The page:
Vol. 196 No. 9 Read Digital Issue Archives
Cover of the Nov. 23, 2019 issue of Science News

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More Stories from the November 23, 2019 issue

  1. smoke stacks
    Climate

    50 years ago, scientists puzzled over a slight global cooling

    Five decades ago, scientists were puzzled over a slight dip in global temperatures. Today we know it was just a blip, and that Earth’s climate is warming thanks to industrial activity over the last century.

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  2. tumbleweeds
    Plants

    Why tumbleweeds may be more science fiction than Old West

    A tumbleweed is just a maternal plant corpse giving her living seeds a chance at a good life somewhere new.

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  3. aye-aye
    Life

    Aye-ayes just got weirder with the discovery of a tiny, sixth ‘finger’

    Aye-ayes have a sixth “finger,” or pseudothumb, that may compensate for other, overspecialized fingers by helping the lemurs grip things.

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  4. Voyager 1 and 2
    Space

    Voyager 2 reveals the dynamic, complex nature of the solar system’s edge

    With two spacecraft outside the sun’s magnetic bubble, researchers get a new look at the boundary between the sun and its galactic environment.

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  5. white bellbird
    Animals

    White bellbirds have the loudest known mating call of any bird

    White bellbirds have the loudest mating call, according to scientists who compared the songs of bellbirds and screaming pihas in the Brazilian Amazon.

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  6. Space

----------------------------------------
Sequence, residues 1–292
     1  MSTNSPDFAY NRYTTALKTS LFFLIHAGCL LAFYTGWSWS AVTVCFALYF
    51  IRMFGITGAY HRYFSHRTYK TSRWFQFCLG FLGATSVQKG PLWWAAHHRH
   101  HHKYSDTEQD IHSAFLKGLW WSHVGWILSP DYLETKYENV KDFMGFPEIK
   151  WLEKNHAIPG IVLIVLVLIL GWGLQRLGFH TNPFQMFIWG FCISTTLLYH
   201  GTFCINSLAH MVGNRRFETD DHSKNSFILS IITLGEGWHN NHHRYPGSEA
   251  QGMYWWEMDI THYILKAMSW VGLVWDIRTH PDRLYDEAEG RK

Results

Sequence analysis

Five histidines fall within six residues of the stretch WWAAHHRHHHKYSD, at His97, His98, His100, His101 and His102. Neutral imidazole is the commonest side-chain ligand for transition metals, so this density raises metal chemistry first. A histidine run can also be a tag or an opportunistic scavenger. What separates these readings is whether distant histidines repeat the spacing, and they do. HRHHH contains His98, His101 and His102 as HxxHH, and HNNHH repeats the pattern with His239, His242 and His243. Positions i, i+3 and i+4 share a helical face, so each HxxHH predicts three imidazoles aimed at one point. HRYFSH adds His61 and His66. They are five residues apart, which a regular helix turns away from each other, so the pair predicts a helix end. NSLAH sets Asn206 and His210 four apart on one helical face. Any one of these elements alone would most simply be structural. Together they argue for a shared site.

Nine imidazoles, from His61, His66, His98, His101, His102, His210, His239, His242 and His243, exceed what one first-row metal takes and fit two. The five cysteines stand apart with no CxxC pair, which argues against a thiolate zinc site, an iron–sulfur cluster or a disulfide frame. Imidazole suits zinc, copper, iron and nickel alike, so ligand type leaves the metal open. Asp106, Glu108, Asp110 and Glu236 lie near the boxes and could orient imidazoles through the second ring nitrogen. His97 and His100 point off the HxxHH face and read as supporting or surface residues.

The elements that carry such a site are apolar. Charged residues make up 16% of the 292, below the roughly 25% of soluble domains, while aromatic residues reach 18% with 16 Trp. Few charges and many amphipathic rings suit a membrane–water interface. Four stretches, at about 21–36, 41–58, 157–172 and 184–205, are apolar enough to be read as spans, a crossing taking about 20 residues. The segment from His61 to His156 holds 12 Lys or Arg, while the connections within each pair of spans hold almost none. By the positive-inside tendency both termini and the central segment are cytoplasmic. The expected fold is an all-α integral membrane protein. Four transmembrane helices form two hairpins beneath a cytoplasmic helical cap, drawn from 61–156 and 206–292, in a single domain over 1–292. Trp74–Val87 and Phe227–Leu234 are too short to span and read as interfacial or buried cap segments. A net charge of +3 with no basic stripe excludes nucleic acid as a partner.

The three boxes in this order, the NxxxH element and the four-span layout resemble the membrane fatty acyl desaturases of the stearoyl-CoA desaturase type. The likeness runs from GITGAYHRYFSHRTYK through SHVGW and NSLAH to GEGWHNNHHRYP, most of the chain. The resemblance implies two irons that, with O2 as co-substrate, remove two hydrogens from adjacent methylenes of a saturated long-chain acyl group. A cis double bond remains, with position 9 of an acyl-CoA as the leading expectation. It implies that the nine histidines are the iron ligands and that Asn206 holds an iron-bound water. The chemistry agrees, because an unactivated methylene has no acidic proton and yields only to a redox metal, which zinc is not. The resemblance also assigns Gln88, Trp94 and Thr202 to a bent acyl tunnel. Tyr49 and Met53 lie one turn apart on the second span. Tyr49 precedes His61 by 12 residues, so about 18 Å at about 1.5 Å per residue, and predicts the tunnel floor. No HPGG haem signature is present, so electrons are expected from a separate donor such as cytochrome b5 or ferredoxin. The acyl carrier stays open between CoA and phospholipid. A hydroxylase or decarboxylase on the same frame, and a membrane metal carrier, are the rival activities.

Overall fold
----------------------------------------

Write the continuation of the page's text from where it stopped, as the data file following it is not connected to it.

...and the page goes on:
Strontium is the first heavy element detected from a neutron star merger

    The discovery of strontium created inside a neutron star smashup gives the clearest picture yet of what goes on inside this chaotic environment.

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  7. Saturn
    Planetary Science

    Astronomers have spotted a new type of storm on Saturn

    In 2018, telescopes on Earth and in space identified a never-before-seen kind of storm activity on the ringed planet.

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  8. lawn wolf spider
    Animals

    Spider webs don’t rot easily and scientists may have figured out why

    Spider silk doesn’t rot quickly because bacteria can’t access its nitrogen, a nutrient needed for the microbes’ growth, scientists say.

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  9. bird eggs
    Life

    Bird eggs laid in cold climates are darker, which may keep eggs warm

    A global survey of bird egg color reveals a simple trend: the colder the climate, the darker the egg.

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  10. Health & Medicine

    These tiny aquatic animals secrete a compound that may help fight snail fever

    A newly identified molecule from rotifers paralyzes the larvae of worms that cause schistosomiasis, which affects over 200 million people worldwide.

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  11. solar system illustration
    Space

    Rules guarding other planets from contamination may be too strict

    Voluntary international guidelines for visiting the moon, Mars and other places — and for bringing stuff back to Earth — are overly cautious, scientists say.

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  12. man sleeping
    Neuroscience

    Sleep may trigger rhythmic power washing in the brain

    Strong, rhythmic waves of cerebrospinal fluid wash into the human brain during sleep and may help clean out harmful proteins.

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  13. amyloid-beta protein
    Neuroscience

    Alzheimer’s may scramble metabolism’s connection to sleep

    Mice designed to have brain changes that mimic Alzheimer’s disease have altered reactions to blood sugar changes.

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  14. Prozac pills
    Health & Medicine

    Prozac proves no better than a placebo in treating kids with autism

    In a small clinical trial, drugs called selective serotonin reuptake inhibitors didn’t ease obsessive-compulsive symptoms in children with autism.

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  15. San hunter gatherers
    Humans

    Humans’ maternal ancestors may have arisen 200,000 years ago in southern Africa

    New DNA findings on humankind’s maternal roots don’t offer a complete picture of how and when Homo sapiens emerged.

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